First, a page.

Exegesis the first: Thoughts on Openness
January 2, 2007
With few doubts, the buzz on open during the last few years has obscured the basics of openness in a wash of white noise. Please note this is not just a concept of open source (though open source plays a role in openness; it is about a broader concept of open).
Openness in technology is a component of interactions. In short, a conversation between applications (interoperability), within components (interfaces), or even between the organic side and the silicon side (user interactions) requires an open. For open source, this conversation may include the ability to modify the conversation in ways unforeseen by its instigator. In short, being open really evolves to allowing access to the information necessary to take an appropriate action, or on accommodation, as in the ease in adapting to changes on either side.
So let’s consider some of the degrees of openness.
First, any conversation on open can be traced to currency. (I can hear the screams now…)
Currency doesn’t necessarily mean government-issue cash. Back in the early days of the (now historic) Open Source revolution, I was often asked (usually by executives in big companies) how Linux development got paid for. The answer, easily enough in the early days, was ego-dollars. Developers got to see their creations used by lots of people, got kudos for good code and lost value for bad code. Now it is often those same companies paying employees to extend and enhance open source code.
So, for a corporation, openness can be a good thing (expand reach, expand share) or a bad thing (devalue products, reduce profit). However in most cases, openness as a communication vehicle is of benefit to everyone. Imagine having to purchase a phone for each telephone network that your friends might have. We enjoy having the ability to plug our coffee pot into an available plug.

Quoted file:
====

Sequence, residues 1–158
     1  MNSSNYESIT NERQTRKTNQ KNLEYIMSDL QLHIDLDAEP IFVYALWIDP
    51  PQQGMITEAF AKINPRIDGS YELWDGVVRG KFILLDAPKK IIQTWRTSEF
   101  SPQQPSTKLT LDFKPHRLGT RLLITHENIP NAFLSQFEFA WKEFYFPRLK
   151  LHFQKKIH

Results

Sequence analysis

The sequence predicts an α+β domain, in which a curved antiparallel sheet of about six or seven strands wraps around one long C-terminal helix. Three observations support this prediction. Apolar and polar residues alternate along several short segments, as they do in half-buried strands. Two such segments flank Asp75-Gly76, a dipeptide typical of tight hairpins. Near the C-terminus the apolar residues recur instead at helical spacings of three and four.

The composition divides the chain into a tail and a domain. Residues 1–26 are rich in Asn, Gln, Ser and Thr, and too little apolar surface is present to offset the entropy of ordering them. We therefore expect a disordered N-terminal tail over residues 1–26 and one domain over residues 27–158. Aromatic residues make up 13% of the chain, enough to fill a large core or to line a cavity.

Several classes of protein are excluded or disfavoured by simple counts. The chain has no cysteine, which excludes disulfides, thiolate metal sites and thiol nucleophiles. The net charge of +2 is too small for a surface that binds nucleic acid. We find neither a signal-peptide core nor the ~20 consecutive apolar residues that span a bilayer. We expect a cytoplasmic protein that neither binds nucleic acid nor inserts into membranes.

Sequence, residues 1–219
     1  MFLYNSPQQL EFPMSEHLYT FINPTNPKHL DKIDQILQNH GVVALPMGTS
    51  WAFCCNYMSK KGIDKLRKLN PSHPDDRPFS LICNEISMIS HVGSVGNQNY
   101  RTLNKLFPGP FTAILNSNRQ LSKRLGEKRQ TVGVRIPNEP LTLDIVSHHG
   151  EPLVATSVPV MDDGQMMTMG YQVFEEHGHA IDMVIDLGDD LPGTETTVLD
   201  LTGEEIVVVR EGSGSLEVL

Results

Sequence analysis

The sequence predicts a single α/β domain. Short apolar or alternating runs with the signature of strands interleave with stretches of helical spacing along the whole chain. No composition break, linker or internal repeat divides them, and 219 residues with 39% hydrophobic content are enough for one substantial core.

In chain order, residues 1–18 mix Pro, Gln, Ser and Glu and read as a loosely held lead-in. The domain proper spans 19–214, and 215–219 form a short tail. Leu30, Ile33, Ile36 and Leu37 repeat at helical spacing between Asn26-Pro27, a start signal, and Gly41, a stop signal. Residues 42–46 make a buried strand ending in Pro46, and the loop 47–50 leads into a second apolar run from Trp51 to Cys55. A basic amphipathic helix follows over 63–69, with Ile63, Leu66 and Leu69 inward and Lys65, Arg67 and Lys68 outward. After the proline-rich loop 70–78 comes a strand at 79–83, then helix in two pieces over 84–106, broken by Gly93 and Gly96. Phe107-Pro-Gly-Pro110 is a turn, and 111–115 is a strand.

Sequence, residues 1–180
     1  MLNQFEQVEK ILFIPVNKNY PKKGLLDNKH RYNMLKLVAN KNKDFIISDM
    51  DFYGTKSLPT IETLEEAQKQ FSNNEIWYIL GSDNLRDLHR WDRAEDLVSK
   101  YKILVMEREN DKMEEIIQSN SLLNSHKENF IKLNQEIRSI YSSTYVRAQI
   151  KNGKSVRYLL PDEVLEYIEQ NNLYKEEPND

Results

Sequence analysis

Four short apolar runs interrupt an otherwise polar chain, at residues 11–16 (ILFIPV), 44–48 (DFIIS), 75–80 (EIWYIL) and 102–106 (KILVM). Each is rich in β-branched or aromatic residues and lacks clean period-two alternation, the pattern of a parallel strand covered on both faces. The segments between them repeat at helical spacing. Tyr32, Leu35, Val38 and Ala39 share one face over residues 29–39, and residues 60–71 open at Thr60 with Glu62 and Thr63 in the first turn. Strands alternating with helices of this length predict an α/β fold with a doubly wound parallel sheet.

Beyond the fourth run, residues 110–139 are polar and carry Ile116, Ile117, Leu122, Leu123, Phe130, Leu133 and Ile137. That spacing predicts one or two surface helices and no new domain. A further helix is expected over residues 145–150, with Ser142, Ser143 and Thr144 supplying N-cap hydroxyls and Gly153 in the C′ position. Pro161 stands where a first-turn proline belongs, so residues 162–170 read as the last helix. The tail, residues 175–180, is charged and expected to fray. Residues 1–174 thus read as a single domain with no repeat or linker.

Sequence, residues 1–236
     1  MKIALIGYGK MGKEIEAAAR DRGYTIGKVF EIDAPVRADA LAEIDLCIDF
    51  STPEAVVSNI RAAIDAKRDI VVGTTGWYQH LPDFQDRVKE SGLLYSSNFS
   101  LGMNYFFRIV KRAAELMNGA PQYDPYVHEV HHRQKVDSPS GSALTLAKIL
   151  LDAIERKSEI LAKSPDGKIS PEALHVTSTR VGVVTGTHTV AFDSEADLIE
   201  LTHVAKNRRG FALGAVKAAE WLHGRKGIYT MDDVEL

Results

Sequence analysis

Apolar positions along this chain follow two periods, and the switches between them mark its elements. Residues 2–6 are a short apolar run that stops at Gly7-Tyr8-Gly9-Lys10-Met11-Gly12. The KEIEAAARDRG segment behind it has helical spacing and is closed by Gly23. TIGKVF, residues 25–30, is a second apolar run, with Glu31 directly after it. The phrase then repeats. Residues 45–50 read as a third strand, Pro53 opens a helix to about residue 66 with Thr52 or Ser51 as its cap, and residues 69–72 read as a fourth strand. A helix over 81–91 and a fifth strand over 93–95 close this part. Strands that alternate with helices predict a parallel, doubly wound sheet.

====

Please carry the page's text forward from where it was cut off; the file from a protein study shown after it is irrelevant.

Similarly in technology, openness helps delineate how we connect. While it may extend into visibility into the implementation, source is in itself not a communication necessity. With exceptions, most of us don’t know or care how the electricity is generated; we care that we have electricity. Neither do most of us care about the choice of programming language, programming style, or reuse of the code.
Openness can exist in many layers, but for shortness, I’m going to break this into some subsets.
1. Programming Interfaces: By making the communication conduits and language (values) available, programs can implicitly exchange information and interoperate. This does require a level of trust in the implementation, since what the program does is hidden. APIs are usually a one sided affair, changes can occur without regards to impact.
2. Specifications: Often you can find specifications that are available without business restrictions, from which you can build a product to manipulate or interchange. For example, back in 1999, SGI released the specification of XFS to allow developers to understand the technology, as well as develop to it. However, specifications can come in two basic flavors: read-only and read-write. Read-only limits the changes to the originating organization without allowing outside input. Often defacto standards fall into the realm. Read-write allows community input.
3. Standards organizations: The nice thing about standards is there is always one to do what you want. The downside is that there are innumerable standards bodies, from industry, through national to international, covering a multitude of arenas with non-standard ways of determining what and how to create a standard. This class falls in dejure standards.
4. Open Source: Obviously the most open way of communicating is to determine both the content and the intent of any message. By allowing view (and modification) of source, open source delivers a level of openness found in no other layer. However, standardization in open source is only driven by the will of the community.
Each of these has strengths and weaknesses, pro and con arguments. As we move forward, we’ll delve into each of these.
I want to close on my new favorite openness quote, from Arthur Kantrowitz in “The Weapon of Openness” :
“When technical information is classified,
public technical criticism will inevitably degrade
to a media contest between competing authorities.”
As always, comments welcome.